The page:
Community

The Story Of The Man With No Shoes

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IMG_2947Ben and I are old school mates from back in Melbourne. It is the same school also attended by my brother Stephen who regrettably died last week.

Shortly after Stephen’s death, Ben told me an old Chinese story about the man with no shoes.

In light of the events in Martin Place this week, I thought it was worth repeating here too. Suffice to say it has been a big week for everyone in Sydney as people pick up their lives and crack on.

As a side note before I write the story, I guess I was observing from afar with a unique perspective as my own grief was unfolding.

This is the story of the man with no shoes: The man with no shoes takes pity on the man with no feet.

Stay strong Sydney. There are better days ahead, and there will be challenges too.

The wonderful thing about empathy grounded in love is that it is an inexhaustible resource.

The light shines in the darkness, yet the darkness did not overcome it.

Bridging relationships to reduce child mortality.

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It begins with me and you

This is a picture of me with my mother when I was much younger- I guess around two years old. We are standing on the nature strip of our old house in inner-city Melbourne. Great photo isn’t it!

Today is my mother’s birthday. Happy birthday Mum! I have come a long way since this photo. A lot has happened in the years between.

The 10 City Bridge Run is about bridging relationships to reduce child mortality.

Life is fragile. Most child mortality tragically is influenced within the first 48 hours of birth. Similarly, maternal health is influenced by the health available during pregnancy and at birth.

The risks of pregnancy and child-birth remain despite our technology. We are just better prepared, educated and equipped to ensure a high proportion of births. In Papua New Guinea where I recently visited, they experience the second-highest rate of child mortality in Asia Pacific. It is something that doesn’t attract much publicity. It is just plain sad.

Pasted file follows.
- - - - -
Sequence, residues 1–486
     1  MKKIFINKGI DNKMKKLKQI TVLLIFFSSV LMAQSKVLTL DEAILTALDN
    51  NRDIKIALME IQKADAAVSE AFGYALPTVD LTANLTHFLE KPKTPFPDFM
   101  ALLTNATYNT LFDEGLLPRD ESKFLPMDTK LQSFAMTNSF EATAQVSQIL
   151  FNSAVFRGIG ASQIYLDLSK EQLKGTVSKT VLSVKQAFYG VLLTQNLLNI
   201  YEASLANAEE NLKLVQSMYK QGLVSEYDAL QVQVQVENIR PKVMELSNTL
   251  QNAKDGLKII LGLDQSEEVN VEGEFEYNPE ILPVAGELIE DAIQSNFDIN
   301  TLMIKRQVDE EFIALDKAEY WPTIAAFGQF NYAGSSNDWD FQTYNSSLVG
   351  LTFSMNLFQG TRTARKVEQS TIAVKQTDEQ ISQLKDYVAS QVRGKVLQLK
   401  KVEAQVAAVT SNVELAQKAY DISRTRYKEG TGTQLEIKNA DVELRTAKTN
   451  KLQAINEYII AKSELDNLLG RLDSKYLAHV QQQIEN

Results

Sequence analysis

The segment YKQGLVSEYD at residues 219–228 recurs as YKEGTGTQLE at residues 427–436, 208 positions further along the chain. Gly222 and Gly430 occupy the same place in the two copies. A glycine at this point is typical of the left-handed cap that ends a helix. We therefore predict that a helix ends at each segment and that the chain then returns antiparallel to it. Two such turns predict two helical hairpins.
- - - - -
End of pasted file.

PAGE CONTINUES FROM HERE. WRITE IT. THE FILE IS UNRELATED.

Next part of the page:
Building bridges to reduce child mortality is difficult enough to understand as an abstract concept, let alone to do in reality. There are almost too many challenges to consider, but I believe if we together on a global scale focus on relationships to reduce child mortality then change can occur.

Bridging relationships between two people is where this starts. Sure, the ultimate result is across a global stage, but the important start is here between you and me. It is about us. It takes work, more work than wearing a wrist band. It is not always going to be easy, but it will be worthwhile.

Tomorrow I will show you the first small collection of photographs of human bridges that I have taken to communicate how together we can bridge relationships to reduce child mortality. Join me by helping me build this collection and contributing your own photos.

Let me start leading by example with this photo of my mother. Bridging conversations that sometimes seem unbridgeable. Together, we can show that the seemingly impossible really is possible.

More from Suzuki: Think locally, act locally

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David Suzuki at a rally for the Global Day of ...

Thoughts from David Suzuki speaking at the Sydney Opera House continue to resonate through this week.

He challenged one of his earlier assumptions in the talk. The previous cry of “Think global, act local” he suggested was well-intended but ultimately ineffective.

To be effective on a global level, he suggested the power of collective action when we “think locally and act locally”.

An important part of this is not being deluded by large brands, government and the allure of the economy. He summed it up this way:

Politicians work within a political cycle. People don’t.

Dissonance in Community Wellbeing

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Reading a number of corporate website over the last few weeks I sense an incongruous use of the terms ‘Community Wellbeing’ and ‘Sustainability’. Have a look yourself. Visit four or five large corporate brands and see if you agree.

‘Greenwashing’ is a term used for the promotion of sustainable strategy with no real substance, or concern for brand and reputation above impact. I would argue there is a similar trend with respect to corporate social responsibility in general.

Who decides on the boundaries for defining community? Where does our responsibility begin and end? Granted that we can’t be respond to every problem or need, and have our own concerns to address.

We live in an connected world. Is there a point of decency as humans where for humanitarian reasons alone we will not allow unthinkable suffering to occur? Or is it just not our problem? Should we just look to the wellbeing of our own community?

What will Africa look like in 2050? How does this question challenge your understanding of the term ‘community wellbeing’?